How is the UN tackling its most ambitious and far-reaching project: the 2030 Agenda to “transform the world”? This is the mammoth responsibility of the UN’s General Assembly’s Second Committee – the body which deals with “economic and financial matters”. Here is the second in our series on what happens at the UN when the world leaders have gone home at the end of September, and the Committees get going on turning pledges and ideas into action.
In this, the second in our ongoing series looking at how the headlines generated by the pronouncements of UN officials and world leaders are translated into action, we find out the Committee is breaking down this task.
Many of the topics discussed during the Committee session were relevant to the 17 Sustainable Development Goals (SDGs); that included all aspects of sustainable development, from macro-economic policy, human settlements, the eradication of poverty, and the best use of communications technologies for development.
In recent years, the committee’s work has begun with a keynote address from Homi Kharas, the director of the Global Economy and Development program at the Brookings Institute.
Mr. Kharas has an intimate knowledge of the 2030 Agenda, having led the High Level Panel in 2015 which decided what should replace the Millenium Development Goals, the first example of the UN setting specific targets to make the world a better place for all.
The answer was the SDGs, which are grouped in 5 specific themes: people, planet, prosperity, peace and the partnerships that are necessary to make them happen.
In an interview with UN News, he explained that it soon became clear how connected various pieces of the economic agenda are: “all of these different pieces, whether it's alleviating poverty ending hunger, girls' education, environmental issues…what we realized was that they all had to be tackled as a seamless whole, and that's why the committee's work is really so all embracing.”
Getting the international community on the same page
So how does the committee manage to get the representatives from the Member States, the 193 countries of the United Nations, together on the same page?
For this session just ended, that job went to Mr. Jorge Skinner-Klée, Guatemala’s Permanent Representative to the United Nations and current Chair of the 2nd Committee.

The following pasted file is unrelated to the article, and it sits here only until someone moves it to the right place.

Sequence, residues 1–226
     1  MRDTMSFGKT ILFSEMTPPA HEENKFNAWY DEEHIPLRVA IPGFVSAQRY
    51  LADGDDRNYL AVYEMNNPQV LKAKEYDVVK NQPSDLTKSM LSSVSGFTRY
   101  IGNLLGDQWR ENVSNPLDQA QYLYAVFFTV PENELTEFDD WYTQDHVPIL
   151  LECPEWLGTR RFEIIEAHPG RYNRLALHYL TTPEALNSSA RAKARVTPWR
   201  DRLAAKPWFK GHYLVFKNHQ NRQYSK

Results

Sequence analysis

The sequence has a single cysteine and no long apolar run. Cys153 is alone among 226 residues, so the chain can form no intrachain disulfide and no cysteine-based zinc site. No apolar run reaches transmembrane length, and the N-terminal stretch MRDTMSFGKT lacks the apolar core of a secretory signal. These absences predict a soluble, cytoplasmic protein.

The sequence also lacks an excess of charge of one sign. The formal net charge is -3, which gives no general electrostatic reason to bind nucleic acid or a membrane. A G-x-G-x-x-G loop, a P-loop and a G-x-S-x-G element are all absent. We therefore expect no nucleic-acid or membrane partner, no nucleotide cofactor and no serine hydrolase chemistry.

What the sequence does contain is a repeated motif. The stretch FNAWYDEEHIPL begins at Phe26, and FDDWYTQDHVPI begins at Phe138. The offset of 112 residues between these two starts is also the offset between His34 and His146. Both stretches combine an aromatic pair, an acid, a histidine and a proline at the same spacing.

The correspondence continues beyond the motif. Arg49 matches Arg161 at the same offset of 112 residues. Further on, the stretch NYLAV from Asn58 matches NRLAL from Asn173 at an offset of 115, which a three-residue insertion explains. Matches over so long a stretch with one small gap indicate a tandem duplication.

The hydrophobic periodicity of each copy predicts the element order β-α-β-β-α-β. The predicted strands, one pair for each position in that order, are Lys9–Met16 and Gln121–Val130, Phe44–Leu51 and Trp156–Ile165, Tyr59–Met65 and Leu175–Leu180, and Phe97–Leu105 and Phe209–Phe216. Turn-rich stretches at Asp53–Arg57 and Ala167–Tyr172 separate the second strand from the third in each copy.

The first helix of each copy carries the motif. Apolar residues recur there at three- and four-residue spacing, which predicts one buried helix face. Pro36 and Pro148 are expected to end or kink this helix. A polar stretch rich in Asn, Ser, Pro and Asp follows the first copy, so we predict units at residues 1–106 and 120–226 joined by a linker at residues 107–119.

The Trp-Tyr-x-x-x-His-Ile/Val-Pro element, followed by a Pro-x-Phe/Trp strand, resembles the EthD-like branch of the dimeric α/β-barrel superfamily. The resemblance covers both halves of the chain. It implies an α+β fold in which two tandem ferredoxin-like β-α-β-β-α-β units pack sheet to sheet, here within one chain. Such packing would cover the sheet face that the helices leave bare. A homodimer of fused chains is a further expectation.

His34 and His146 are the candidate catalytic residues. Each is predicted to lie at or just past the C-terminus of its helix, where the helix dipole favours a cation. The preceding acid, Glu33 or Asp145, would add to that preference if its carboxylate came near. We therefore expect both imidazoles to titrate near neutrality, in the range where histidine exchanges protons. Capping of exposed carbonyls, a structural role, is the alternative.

Mr. Skinner-Klée is a career diplomat with over 30 years experience who describes himself as a “specialist in generalities…everything from the bottom of the sea, to outer space and in-between.”
He told UN News that the legacy of the creation of the committees, over 70 years old,is one of the big challenges that he, and other Chairs have to deal with: "there are a lot of anachronisms…that have permeated the agenda and have been there for some time… so many resolutions, and the momentum, come from the past, and now we have to figure out how best to procure resolutions that come into action and play into the SDG agenda.”
In terms of getting the 193 countries to pull in the same direction, Mr. Skinner-Klée says that the skill of the Chair is not enough: “It takes political will. So that means reciprocal transactions. There are people [countries] who have vested interests….and the mainstay of the committee is the negotiation that happens between the G77 – which is 134 countries plus China – and, on the other side, the European Union.”
Hopes and fears for the future
Mr. Skinner-Klée says that he is encouraged by the global community’s commitment to the 2030 Agenda over the last three years, but is concerned that the current geo-political climate, which he characterizes as one of “atomization, confrontation and polarization,” will have an impact on his ability to make progress on the items on the Committee’s agenda.
For Homi Kharas as well, the world is carrying all the cards it needs to fulfil the 2030 Agenda, but for various reasons, the international community is moving too slowly: “I think that we have the understanding, the resources, and technology to do much more than is currently being done. But we're also distracted by many factors, and on the international stage we now have far lower levels of international cooperation, including in scientific exchange, than we have had in some time.”
His fears echo those expressed by the UN Secretary-General António Guterres, who has warned that “climate change is running faster than we are – and we are running out of time.” The message from the UN Chief is clear: for the work of the 2nd Committee and the 2030 Agenda to succeed, world leaders need to show more leadership and greater ambition, and avoid “a fate that none of us wants – a fate that will resonate through generations in the damage done to humankind and life on earth.”